Sorry for the lateness of this, but at 6 PM Los Angeles time today (Monday), the Sundance Channel is re-airing the three-part story on Law & Order about a celebrity murder of a Hollywood studio executive. It's one of the best "episodes" of the series, in large part because they're able to delve into such detail and fill it with numerous twists and turns.
When I first watch the three-parter it was as a re-rerun and so I didn't see it in context, and because I tuned in part of the way into first episode, it wasn't until into the third part that I realized this was one of their "ripped from the headlines" things -- Law & Order's version of the O.J. Simpson trial.
It's extremely well done, written by Ed Zuckerman (who I used to play softball with, in a weekly WGA-group of ragtag ballplayers), Rene Balcer, and Gardner Stern. There's a very solid cast, as well, including Lauren Graham, Janine Garofolo and Broadway actor Paul Hecht as the psychiatrist (he was in the original cast of 1776 as John Dickinson, as well as Harnick and Bock's The Rothschilds, and got a Tony nomination for Tom Stoppard's Rosencrantz and Guildenstern are Dead.) The three parts are titled "D-Girl," "Turnarounda" and "Showtime."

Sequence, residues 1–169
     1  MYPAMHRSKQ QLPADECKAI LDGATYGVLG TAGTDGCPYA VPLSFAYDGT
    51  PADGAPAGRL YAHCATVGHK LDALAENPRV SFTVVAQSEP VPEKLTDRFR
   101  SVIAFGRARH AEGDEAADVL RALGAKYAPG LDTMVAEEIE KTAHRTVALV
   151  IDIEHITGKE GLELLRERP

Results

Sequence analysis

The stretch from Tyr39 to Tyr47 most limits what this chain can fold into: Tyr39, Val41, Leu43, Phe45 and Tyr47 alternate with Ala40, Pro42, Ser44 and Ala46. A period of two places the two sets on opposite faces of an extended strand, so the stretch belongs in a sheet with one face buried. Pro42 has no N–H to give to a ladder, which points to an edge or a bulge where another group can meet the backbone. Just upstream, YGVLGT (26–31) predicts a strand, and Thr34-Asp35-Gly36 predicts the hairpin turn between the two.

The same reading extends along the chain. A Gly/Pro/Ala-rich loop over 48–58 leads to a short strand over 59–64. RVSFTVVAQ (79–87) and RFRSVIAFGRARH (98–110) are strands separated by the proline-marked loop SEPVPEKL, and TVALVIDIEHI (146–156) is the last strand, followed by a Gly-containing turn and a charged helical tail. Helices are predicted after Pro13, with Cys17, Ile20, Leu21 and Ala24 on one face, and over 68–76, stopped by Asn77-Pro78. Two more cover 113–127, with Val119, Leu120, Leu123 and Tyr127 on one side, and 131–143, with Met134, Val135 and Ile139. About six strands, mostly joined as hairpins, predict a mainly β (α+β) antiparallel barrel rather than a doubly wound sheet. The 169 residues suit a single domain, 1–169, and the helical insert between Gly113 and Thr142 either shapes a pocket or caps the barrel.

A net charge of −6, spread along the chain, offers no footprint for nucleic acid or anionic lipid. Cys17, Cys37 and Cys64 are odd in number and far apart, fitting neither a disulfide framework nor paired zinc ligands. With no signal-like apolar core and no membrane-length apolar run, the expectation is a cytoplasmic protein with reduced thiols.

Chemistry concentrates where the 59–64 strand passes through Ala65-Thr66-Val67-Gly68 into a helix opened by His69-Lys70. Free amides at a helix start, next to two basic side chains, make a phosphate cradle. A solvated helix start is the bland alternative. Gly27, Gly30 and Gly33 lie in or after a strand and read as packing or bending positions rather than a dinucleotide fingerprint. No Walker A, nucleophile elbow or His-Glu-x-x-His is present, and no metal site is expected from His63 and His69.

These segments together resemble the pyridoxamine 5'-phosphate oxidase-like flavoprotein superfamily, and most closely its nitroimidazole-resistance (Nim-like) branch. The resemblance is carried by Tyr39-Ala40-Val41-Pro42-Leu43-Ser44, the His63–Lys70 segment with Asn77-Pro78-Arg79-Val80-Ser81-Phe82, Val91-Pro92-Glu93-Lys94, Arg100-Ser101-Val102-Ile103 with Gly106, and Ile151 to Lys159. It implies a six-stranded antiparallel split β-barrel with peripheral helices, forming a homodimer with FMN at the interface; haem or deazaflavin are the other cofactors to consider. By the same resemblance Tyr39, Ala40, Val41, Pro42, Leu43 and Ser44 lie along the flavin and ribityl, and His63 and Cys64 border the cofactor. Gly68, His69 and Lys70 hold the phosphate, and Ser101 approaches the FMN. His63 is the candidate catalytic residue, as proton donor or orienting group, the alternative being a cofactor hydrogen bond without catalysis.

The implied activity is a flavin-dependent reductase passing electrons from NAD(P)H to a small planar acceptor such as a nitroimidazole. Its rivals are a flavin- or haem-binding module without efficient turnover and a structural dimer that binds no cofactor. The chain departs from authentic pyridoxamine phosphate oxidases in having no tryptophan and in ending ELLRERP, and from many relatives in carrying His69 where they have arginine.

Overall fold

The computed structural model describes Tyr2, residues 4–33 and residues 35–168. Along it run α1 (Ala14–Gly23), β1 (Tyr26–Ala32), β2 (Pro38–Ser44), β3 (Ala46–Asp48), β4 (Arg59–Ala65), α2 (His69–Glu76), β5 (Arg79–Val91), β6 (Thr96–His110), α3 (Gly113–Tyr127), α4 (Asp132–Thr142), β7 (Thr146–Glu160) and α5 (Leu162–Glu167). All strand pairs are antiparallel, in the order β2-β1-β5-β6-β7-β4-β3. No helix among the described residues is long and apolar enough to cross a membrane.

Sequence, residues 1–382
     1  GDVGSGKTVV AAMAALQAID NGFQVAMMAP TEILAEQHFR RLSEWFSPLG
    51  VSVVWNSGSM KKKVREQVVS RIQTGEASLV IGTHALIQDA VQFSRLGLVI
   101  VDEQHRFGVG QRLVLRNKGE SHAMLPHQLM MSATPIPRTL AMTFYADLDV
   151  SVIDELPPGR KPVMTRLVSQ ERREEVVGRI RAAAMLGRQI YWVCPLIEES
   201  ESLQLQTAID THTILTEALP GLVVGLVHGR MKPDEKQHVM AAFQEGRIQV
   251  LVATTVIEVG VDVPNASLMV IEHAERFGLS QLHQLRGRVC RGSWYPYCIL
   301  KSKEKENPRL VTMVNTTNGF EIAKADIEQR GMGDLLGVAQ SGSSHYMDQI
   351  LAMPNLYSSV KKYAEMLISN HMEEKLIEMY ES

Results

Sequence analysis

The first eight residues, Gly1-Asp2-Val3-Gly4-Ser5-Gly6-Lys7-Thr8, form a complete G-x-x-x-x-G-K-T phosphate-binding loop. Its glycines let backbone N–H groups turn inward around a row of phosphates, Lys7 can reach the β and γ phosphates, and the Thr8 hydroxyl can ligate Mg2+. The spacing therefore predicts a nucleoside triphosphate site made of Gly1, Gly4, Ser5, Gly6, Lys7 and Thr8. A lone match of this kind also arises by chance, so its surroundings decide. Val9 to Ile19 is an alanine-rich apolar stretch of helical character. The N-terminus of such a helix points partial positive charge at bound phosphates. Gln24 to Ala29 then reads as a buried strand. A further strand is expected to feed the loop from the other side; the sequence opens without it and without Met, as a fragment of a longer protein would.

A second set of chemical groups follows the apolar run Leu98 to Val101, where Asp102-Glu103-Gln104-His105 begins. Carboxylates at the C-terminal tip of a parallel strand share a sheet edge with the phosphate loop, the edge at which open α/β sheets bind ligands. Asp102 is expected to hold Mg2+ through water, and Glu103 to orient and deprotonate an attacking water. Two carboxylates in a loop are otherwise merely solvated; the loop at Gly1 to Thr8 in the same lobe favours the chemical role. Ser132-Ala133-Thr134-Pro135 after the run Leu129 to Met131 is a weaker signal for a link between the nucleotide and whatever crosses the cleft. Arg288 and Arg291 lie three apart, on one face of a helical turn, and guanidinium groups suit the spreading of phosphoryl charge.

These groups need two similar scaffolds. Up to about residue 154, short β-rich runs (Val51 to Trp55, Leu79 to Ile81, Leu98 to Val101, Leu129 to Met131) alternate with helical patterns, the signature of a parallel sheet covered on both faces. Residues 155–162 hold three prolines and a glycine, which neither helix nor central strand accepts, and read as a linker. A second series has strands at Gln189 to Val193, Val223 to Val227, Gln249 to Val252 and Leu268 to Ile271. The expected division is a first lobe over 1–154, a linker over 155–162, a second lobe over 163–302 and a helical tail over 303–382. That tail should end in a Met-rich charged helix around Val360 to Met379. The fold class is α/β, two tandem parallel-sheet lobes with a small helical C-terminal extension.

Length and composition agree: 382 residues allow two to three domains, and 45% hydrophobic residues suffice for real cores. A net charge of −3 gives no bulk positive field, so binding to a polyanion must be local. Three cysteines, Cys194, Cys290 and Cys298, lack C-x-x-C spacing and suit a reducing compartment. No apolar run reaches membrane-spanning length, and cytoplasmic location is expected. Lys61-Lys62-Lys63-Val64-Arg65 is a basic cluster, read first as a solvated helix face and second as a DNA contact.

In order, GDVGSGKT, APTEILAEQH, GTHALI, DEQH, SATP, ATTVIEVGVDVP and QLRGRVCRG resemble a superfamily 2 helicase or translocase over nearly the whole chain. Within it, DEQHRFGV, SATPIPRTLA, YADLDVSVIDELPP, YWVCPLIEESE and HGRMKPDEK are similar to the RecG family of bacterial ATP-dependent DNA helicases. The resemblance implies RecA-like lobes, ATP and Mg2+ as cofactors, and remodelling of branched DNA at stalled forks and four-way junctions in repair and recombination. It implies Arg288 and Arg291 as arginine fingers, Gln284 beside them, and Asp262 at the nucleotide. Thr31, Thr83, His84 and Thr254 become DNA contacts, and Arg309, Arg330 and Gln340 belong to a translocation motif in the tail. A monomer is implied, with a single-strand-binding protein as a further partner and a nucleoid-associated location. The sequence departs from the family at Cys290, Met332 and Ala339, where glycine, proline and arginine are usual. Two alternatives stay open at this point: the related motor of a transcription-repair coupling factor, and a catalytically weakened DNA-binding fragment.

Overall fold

If you're a regular viewer of Law & Order, and it's unending re-runs, you've no doubt seen this. But if you only check in once in while, or only rarely watched, it's well-worth tuning in, or at least recording, to zip through the commercials at a more convenient time. Without the ads, this only runs about 2:15, which is about like watching a feature-length film -- which in many ways, this is.
Robert J. Elisberg is a political commentator, screenwriter, novelist, tech writer and also some other things that I just tend to keep forgetting.
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